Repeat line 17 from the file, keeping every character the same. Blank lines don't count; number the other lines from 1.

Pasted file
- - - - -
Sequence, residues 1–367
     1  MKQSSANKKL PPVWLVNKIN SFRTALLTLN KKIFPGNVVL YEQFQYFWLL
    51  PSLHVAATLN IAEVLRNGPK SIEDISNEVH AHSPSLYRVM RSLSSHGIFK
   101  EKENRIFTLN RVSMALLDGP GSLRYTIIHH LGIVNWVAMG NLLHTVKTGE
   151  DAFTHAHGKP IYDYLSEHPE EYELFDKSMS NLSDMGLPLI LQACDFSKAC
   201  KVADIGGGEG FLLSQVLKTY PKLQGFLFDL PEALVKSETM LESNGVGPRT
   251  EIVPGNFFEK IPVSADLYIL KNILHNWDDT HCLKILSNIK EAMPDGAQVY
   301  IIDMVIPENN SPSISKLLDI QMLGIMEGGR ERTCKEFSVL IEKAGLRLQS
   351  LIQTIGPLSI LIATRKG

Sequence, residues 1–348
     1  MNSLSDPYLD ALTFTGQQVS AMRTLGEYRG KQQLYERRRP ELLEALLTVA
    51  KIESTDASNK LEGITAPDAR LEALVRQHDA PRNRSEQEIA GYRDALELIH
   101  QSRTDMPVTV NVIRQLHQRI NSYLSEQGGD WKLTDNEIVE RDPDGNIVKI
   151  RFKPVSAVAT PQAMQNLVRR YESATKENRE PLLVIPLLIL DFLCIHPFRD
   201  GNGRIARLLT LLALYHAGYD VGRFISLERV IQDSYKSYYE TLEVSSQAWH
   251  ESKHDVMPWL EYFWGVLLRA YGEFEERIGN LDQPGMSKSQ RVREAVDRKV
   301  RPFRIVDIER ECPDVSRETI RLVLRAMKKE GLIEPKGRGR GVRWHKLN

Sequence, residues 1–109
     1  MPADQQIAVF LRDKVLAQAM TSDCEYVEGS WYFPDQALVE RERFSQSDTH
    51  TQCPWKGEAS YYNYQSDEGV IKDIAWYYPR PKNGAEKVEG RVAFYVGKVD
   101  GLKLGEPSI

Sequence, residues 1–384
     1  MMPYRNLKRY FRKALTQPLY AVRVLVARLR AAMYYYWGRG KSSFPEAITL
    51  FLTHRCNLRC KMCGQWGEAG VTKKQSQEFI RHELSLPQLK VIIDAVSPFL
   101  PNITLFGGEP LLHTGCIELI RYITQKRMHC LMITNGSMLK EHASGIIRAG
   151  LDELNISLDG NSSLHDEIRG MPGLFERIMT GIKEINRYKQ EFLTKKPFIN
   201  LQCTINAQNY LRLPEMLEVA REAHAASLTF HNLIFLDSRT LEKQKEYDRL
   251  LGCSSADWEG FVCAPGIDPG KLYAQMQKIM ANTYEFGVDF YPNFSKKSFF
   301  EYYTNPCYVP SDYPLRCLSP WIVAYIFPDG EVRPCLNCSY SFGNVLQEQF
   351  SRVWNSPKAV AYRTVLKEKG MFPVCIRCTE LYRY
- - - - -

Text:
   301  RPFRIVDIER ECPDVSRETI RLVLRAMKKE GLIEPKGRGR GVRWHKLN